"Sustainability" has become something of an overused term in recent times, but in relation to our property, and our viticulture it still has real meaning.
It is our philosophy that all land managers have a custodial obligation to the land, which includes managing the use of the land to ensure that no damage is done, and that as far as possible earlier damage caused by unsustainable practices is repaired, and that current practices are such that they can be continued well into the future, without ecological damage or loss of biodiversity .
In our case, working on land that is generally steep, and has naturally low fertility soils, with a history of relatively intensive sheep and cattle grazing, we have chosen to use only those parts we deem as suitable for "productive" use, and allow the remainder to naturally and slowly revert to something like its pre-European state.
Grazing pressure on the cleared land has been substantially reduced during our tenure, and this has resulted in a rebounding of both native vegetation, and native mammal populations especially the kangaroos, wallabies and wombats. Birdlife has also blossomed over that period.
In managing the vineyard operation, the key has been "minimal intervention", so you will see no ploughed land between the vine rows, only a ragged natural sward kept in check by grazing kangaroos and occasional mowing which helps to mulch the vines. The vineyard is not "manicured", instead a multitude of different plants are encouraged to grow, leading to a diverse plant and insect life attracting a huge variety of birds and other predators.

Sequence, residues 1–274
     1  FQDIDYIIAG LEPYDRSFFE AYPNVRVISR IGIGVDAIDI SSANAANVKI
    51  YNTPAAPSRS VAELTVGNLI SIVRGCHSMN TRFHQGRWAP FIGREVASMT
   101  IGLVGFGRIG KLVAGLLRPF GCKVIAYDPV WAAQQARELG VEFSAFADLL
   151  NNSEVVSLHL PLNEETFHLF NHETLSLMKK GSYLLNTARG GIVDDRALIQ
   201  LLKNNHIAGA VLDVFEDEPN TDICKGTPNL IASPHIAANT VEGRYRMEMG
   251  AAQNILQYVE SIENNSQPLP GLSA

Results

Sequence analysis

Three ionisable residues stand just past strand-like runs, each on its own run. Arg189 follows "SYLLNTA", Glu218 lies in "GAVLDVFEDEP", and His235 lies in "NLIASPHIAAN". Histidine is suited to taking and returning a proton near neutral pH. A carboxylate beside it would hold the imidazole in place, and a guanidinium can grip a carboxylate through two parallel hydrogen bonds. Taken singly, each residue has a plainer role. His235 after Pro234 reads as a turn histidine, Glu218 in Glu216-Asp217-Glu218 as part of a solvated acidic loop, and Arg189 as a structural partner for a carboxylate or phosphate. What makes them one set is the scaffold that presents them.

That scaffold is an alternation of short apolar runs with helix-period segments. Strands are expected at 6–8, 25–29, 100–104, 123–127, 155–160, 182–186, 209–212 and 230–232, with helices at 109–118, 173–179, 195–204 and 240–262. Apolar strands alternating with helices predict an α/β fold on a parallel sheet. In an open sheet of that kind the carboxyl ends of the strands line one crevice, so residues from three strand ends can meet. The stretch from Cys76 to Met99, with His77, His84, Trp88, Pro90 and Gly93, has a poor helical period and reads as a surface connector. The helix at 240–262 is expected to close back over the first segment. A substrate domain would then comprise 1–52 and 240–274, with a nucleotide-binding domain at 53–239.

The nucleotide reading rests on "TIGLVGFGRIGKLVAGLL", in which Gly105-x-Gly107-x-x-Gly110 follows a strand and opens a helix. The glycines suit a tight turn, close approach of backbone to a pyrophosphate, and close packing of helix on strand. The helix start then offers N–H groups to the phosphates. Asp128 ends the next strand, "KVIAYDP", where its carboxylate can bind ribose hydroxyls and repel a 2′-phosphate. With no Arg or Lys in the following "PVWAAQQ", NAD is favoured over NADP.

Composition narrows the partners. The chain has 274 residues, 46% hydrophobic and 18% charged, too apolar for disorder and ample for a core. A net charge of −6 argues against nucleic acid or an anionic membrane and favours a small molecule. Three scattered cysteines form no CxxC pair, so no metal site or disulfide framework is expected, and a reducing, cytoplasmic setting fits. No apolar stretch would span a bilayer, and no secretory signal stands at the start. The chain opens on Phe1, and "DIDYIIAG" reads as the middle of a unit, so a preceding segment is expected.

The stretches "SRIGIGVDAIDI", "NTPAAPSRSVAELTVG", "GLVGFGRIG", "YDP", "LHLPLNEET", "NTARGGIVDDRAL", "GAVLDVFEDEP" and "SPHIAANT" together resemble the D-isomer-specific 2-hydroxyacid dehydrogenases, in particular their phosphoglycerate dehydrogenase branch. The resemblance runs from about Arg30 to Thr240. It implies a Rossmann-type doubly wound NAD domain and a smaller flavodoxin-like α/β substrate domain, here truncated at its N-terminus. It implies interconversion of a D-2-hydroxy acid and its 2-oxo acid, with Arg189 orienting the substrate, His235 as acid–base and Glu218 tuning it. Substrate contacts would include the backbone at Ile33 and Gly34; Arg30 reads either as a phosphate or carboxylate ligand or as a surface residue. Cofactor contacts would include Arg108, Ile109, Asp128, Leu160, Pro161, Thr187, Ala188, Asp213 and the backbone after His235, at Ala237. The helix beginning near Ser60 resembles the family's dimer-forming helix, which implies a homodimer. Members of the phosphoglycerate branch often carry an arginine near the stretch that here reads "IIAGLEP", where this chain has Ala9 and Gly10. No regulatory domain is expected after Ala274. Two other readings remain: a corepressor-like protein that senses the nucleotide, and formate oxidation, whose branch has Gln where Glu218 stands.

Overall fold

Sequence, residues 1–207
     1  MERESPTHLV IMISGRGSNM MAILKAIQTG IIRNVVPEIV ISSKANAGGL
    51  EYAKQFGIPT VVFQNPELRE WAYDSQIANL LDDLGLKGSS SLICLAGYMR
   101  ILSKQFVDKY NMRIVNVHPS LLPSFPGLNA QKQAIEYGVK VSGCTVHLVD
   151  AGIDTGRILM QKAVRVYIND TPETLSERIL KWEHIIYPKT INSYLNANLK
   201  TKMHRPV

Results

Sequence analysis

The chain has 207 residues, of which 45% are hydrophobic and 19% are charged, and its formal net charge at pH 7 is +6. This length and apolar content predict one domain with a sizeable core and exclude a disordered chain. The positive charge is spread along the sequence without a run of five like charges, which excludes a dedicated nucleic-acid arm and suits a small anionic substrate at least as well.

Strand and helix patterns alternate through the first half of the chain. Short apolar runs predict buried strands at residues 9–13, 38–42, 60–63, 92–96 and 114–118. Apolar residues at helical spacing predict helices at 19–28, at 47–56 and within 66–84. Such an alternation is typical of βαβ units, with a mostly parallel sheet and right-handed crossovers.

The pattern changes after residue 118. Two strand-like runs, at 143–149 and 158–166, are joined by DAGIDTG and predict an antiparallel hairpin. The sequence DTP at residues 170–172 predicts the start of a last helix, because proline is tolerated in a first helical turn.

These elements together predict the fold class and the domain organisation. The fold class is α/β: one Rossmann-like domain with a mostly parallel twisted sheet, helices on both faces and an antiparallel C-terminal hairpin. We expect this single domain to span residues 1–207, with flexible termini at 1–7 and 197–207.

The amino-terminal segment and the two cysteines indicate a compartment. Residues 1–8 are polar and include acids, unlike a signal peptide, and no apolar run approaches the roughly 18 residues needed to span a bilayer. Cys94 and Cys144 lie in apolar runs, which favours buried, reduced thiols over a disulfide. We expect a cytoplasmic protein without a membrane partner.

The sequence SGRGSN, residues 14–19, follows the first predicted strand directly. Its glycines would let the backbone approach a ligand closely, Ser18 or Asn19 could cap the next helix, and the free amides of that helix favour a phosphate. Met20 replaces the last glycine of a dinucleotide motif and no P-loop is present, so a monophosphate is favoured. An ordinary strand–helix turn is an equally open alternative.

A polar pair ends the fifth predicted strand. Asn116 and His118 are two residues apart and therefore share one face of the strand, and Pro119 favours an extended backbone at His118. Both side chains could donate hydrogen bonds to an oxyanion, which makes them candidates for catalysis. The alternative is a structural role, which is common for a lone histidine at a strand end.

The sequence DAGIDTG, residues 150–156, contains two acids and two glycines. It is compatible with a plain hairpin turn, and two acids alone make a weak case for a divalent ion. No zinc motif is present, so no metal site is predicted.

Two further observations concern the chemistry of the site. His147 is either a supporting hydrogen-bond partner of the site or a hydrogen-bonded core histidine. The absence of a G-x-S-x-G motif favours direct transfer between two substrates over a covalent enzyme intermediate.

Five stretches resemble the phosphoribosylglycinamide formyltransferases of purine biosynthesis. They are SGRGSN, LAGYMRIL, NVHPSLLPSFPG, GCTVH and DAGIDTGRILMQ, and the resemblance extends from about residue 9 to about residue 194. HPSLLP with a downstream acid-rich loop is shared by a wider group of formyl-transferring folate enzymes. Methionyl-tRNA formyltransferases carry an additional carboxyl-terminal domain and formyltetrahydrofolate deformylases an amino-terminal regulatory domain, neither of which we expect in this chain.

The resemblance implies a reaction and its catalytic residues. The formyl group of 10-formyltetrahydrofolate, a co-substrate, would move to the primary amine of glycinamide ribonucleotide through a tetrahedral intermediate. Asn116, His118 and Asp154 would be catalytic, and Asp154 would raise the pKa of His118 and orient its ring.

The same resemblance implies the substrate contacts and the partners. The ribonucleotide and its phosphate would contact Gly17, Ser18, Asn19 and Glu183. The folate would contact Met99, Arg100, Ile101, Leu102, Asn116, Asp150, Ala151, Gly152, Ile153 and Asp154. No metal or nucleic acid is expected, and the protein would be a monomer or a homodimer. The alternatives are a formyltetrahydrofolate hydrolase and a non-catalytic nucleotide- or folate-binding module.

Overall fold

Growing and harvesting wine grapes does not remove anything very much from the soil chemistry, as the ripe grapes are primarily water and sugar produced from the air by photosynthesis. With no protein or green matter removed, there is no need for nitrogen fertilisers, so that only a minimal adjustment is occasionally needed to ensure that the vine nutrition is satisfactory. Vine prunings are not burnt, but mulched back into the vineyard where they came from.
We are not seeking high cropping rates - our maximum goal of a mere 4 tonnes/hectare has not been achieved in any season so far.
Choice of vineyard equipment is also important. We use only low-volume sprayers for the necessary mildew control spraying and this minimises soil compaction by allowing the use of a light weight multi-wheeled tractor and sprayer combination. The fungicidal sprays are also restricted to only organically approved copper and sulphur based products so there is no build up of synthetic chemicals in the soil. A full sized tractor is only used for the annual deployment and retrieval of the bird exclusion netting which is necessary as an un-looked-for consequence of the environmental conditions we encourage.
The workshop and accommodation on site is also set up on "sustainable" principles, with off-grid solar and wind power providing electricity and hot water, composting toilets, grey water disposal, and of course rain water collection.
Even the collection of run-off water for the irrigation of the vineyard that is occasionally required, has been set up so that the dam uses water collected only from our own property to avoid any potential contamination by the activities of other land holders, and which is then pumped to a hill-top storage tank where it is gravity fed to the vineyard.
We make no claims that our wine is "organic" as we believe that subscribing to yet another set of management rules would merely reduce the flexibility we have to make our own intelligent decisions, however we do believe that our vineyard fully lives up to its claim to be "sustainable' in every sense.